WelCom News
A newspaper for the Wellington and Palmerston North Catholic Dioceses

Of prophets and mushrooms – religious and the Church

Elizabeth Julian rsm

On Easter Monday I was on the Berhampore golf course with friends. We were mushrooming and before long we had half filled a plastic shopping bag. We took our treasures home and cooked them for lunch. They tasted great with my home made pesto.

Church documents about Religious Life don’t mention mushrooming or home made pesto. They say, among other things, that religious women and men are supposed to be prophetic. The 1996 Synod document, Vita Consecrata, puts it like this:

The prophetic character of the consecrated life

There is a prophetic dimension which belongs to the consecrated life as such, resulting from the radical nature of the following of Christ and of the subsequent dedication to the mission characteristic of the consecrated life. The sign value, which the Second Vatican Council acknowledges in the consecrated life, is expressed in prophetic witness to the primacy which God and the truths of the Gospel have in the Christian life…True prophecy is born of God, from friendship with him, from attentive listening to his word in the different circumstances of history. Prophets feel in their hearts a burning desire for the holiness of God and, having heard his word in the dialogue of prayer, they proclaim that word with their lives, with their lips and with their actions, becoming people who speak for God against evil and sin. Prophetic witness requires the constant and passionate search for God’s will, for self-giving, for unfailing communion in the Church, for the practice of spiritual discernment and love of the truth. (#84)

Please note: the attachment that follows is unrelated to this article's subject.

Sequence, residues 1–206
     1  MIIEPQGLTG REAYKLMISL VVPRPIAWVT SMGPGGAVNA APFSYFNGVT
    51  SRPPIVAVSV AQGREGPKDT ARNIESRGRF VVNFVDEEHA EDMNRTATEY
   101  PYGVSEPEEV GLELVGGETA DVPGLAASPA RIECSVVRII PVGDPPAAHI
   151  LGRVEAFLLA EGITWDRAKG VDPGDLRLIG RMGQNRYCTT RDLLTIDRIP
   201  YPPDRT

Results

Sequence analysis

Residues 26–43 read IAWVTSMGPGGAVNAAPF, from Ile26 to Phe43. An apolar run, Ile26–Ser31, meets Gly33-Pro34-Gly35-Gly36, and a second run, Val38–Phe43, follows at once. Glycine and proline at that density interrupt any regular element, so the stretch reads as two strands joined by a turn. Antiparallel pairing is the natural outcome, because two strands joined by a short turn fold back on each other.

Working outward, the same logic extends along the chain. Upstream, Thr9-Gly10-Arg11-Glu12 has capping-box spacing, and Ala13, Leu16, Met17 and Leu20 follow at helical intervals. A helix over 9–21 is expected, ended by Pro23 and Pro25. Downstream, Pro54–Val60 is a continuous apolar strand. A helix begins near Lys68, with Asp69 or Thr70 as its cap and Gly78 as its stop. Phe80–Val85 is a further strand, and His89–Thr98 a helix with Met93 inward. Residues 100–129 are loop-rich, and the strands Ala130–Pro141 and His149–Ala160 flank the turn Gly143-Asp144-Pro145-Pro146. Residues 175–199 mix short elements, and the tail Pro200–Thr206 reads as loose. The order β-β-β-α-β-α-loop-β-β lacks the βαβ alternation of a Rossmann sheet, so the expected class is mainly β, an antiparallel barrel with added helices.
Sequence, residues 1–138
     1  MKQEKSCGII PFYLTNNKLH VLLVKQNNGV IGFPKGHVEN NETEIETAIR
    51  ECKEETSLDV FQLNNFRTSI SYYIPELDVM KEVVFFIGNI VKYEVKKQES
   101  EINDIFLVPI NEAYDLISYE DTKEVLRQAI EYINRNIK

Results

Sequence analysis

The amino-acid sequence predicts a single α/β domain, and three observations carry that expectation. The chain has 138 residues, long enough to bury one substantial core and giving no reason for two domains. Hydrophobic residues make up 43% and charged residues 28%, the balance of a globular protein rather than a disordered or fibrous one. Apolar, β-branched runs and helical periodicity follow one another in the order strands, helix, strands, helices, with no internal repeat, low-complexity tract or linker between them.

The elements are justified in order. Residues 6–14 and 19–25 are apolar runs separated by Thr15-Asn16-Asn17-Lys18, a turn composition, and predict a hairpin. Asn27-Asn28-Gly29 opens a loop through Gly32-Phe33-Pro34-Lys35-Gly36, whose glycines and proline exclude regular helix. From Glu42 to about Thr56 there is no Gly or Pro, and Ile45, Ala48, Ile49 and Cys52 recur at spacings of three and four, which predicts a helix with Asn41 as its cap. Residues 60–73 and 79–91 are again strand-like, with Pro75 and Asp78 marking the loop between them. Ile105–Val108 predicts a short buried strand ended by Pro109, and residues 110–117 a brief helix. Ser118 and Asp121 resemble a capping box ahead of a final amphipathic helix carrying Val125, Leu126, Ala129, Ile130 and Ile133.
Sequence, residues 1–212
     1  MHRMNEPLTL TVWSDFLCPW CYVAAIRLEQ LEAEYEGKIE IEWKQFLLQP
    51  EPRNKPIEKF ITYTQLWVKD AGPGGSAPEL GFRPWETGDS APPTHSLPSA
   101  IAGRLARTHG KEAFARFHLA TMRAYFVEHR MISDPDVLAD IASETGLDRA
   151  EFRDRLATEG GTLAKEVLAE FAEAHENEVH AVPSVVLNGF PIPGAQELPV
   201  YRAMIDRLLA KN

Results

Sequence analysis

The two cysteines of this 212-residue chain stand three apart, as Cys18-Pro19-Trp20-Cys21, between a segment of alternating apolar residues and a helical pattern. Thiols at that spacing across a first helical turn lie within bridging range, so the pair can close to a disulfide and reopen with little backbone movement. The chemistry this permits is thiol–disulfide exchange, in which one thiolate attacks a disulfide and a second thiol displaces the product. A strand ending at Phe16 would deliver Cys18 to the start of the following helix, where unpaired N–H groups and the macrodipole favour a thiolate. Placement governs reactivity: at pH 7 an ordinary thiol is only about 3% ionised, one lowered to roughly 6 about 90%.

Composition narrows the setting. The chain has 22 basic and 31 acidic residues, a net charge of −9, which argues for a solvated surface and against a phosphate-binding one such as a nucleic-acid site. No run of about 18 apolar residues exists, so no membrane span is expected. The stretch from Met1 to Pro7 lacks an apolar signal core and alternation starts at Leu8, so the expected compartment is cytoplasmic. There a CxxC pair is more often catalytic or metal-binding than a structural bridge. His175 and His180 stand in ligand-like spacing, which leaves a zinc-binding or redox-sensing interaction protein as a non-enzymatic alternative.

So prophecy then is an integral part of the nature of religious life. What exactly does this mean?

Telling the time

Sandra Schneiders who has written extensively about religious life says that prophecy is essentially about hope for the reign of God as well as action to bring it about. Prophecy is not about telling the future. Rather ‘it is about telling what time it is, what it is time for, in the present’. Schneiders says there are three requirements for the prophet:

1 The ability to see and hear the human experience from God’s point of view.

2 The ability to:

a lament publicly, ie, to declare to both the oppressor and the oppressed that business as usual is no longer possible.

b recall God’s promises and thereby give hope for an alternative future.

3 The willingness to suffer and even die for the sake of the newness one is called to proclaim. Prophets live on the edges, on the margins of the system they are called not to survive but to change. As Jesus pointed out, prophets are never welcome in their own country (Matt 13:57).

Schneiders goes on to say that prophecy’s two defining characteristics are its religious motivation and its location in the Church.

What drives prophets?

As religious we have a driving and motivating force that takes precedence over everything else and that is our quest, our search, for God. We only have one loyalty, to God, and one agenda, the reign of God.

Where do prophets direct their message?

As religious we are called to prophesy primarily to the Church. The Old Testament prophets such as Isaiah and Jeremiah experienced their prophetic call within their own situation in Israel. They were not called to prophesy to Assyria, Babylon or Egypt. We are not called to prophesy primarily to the world. Our principal addressee is the Church itself. We are not agents of the institutional Church. We are not members of the hierarchy. It is not our task to represent, protect, or guard doctrinal purity. Rather, our prophetic vocation is to be about the reign of God for the sake of the world, with the Church as our primary context. It is here that we cannot be anonymous. It is here, with our commitment to a Gospel vision, that we can help the Church to be herald, instrument and servant of the reign of God for the sake of the world. It can often be much easier and safer for religious to criticise society than to criticise the institutional Church itself. Indeed the latter has often tried to focus our prophetic activity elsewhere. Hence, just as the prophets of old suffered rejection by the religious authorities, so too will we.

Somehow, mushrooming on the Berhampore golf course seems a much more attractive activity than being prophetic. Perhaps I have forgotten ‘what time it is, what it is time for’.

Will somebody please remind me once again?